PHILADELPHIA -- It looked like the perfect script -- until the lineup cards went up.
It looked like the perfect script -- till the weather front from hell showed up.
On one side of the field Monday at Citizens Bank Park, you had a man with 499 home runs (Junior Griffey, ladies and gentlemen).
On the other side of the field, you had a man with 399 home runs (Mr. James Thome, friends and neighbors).
And through a fascinating, almost spooky quirk of meteorological fate, you had a makeup game (from an April 14 rainout) bringing their mutual pursuits of home run history to the same time, the same place and the same ballpark on a South Philadelphia street corner.
Amazing. There had never been a game in baseball history that featured both a 500th homer and a 400th homer. So how perfect was this? It looked like destiny. It looked like magic. It looked like ...
Oops. Never mind.
You can lead the perfect-script authors to a keyboard, folks. But you can't make them type.
So Griffey -- after playing 36 games in a row and starting the last 35 of them -- decided this was a beautiful occasion for a night off. It wasn't easy, but he successfully sat out every darned minute of a game that lasted over seven hours and included 3 hours, 54 minutes worth of rain delays before the Phillies finally won it, 10-7 -- at 2:06 a.m.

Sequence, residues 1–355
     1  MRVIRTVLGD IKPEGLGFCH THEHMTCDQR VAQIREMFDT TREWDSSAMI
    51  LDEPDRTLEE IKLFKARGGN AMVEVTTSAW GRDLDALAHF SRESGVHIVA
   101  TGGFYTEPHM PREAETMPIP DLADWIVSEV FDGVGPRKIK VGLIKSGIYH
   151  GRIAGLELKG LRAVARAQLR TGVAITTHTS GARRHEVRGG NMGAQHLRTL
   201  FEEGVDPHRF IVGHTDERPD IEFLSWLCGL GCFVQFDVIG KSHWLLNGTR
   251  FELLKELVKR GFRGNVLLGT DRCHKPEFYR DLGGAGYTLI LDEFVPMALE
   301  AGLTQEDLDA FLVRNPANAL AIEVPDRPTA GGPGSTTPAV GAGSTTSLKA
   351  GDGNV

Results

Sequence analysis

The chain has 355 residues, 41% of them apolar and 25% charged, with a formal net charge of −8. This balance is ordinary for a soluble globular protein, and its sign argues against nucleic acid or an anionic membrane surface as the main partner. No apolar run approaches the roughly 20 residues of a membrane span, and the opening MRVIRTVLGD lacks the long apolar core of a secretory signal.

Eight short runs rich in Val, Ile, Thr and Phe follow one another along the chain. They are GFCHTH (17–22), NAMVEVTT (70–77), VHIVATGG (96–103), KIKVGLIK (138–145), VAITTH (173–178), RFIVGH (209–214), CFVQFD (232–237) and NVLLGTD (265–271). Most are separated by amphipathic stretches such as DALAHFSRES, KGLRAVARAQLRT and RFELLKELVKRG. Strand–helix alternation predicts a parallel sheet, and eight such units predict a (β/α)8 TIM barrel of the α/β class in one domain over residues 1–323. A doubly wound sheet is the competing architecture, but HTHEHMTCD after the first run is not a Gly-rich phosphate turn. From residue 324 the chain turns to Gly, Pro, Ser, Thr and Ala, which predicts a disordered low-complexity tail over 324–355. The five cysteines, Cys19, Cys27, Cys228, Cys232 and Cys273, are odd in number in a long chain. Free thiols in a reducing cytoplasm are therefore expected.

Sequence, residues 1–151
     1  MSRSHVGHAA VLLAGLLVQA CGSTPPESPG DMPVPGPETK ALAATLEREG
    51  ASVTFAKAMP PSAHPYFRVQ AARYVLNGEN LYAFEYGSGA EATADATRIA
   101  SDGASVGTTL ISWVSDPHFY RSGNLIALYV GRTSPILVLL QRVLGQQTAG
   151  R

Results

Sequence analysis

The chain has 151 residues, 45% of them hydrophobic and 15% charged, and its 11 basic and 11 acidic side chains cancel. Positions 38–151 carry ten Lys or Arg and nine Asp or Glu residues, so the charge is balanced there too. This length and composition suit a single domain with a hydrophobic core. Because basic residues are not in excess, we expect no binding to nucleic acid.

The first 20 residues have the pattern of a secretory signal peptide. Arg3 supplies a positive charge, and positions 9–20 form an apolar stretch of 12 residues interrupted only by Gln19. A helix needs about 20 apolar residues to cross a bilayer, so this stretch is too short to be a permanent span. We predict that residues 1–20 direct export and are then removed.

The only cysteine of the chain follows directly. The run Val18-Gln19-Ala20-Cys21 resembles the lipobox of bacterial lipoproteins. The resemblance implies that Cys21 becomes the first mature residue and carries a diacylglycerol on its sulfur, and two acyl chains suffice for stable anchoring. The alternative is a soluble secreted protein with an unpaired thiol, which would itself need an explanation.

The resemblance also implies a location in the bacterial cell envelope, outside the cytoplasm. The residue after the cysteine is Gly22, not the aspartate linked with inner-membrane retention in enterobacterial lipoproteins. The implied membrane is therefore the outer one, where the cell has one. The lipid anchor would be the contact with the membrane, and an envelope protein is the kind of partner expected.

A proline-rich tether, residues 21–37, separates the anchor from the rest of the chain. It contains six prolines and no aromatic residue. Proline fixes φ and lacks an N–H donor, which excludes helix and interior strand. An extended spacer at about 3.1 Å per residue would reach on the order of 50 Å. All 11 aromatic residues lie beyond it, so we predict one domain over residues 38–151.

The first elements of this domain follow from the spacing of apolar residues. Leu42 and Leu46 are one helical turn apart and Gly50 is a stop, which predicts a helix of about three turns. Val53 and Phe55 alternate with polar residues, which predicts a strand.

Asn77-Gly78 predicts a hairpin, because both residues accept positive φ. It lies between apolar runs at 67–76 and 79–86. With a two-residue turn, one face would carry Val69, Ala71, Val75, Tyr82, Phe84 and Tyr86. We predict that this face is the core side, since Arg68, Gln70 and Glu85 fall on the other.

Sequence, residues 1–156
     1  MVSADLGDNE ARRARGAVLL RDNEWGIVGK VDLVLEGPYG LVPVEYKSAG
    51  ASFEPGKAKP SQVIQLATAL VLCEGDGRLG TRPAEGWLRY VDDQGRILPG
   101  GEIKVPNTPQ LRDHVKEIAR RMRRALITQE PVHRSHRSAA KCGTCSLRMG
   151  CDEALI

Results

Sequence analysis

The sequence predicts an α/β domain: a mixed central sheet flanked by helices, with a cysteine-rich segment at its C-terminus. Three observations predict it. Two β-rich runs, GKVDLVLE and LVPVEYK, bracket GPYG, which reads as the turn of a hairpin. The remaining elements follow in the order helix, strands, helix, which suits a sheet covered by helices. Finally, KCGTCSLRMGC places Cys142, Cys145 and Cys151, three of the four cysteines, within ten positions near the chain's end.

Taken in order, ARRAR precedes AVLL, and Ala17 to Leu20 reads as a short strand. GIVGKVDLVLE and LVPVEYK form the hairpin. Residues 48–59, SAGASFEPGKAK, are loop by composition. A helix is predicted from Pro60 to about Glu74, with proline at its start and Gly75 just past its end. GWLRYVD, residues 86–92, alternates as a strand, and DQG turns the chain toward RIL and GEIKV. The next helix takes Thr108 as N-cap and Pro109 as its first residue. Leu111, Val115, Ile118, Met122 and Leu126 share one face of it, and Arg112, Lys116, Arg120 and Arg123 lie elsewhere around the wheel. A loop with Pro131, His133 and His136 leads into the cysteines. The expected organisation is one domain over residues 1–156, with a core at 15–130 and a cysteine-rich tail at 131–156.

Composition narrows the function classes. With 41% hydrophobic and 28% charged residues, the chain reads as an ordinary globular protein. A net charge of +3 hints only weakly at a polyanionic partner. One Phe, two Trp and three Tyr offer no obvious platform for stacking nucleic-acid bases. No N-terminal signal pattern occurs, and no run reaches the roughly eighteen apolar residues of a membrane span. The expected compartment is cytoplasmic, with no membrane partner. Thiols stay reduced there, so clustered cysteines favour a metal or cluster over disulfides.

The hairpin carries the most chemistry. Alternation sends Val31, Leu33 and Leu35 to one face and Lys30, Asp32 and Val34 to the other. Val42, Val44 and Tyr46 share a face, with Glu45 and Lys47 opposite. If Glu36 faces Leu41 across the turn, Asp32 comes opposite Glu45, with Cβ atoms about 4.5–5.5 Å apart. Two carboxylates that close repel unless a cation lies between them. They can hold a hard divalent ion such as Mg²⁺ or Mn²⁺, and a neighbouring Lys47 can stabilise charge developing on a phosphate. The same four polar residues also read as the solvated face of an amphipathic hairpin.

Literally dozens of people stuck around, just in case. But no Griffey meant there went the 500-homer portion of the milestone watch.
So that left the stage to Thome. At least he knew just what to do once he got there.
He promptly brought tears to his wife's eyes and jolted a SRO crowd into flashbulb-popping pandemonium by thrashing No. 400 in the first inning. After two dramatic, ooh-and-ah foul balls on furious full-count hacks. It was way too storybook to feel real.
Or at least it was until that poetic moment dissolved into a rumble of thunder, a river pouring out of the sky and a messy 158-minute third-inning rain delay that threatened to wipe out the whole glorious occasion.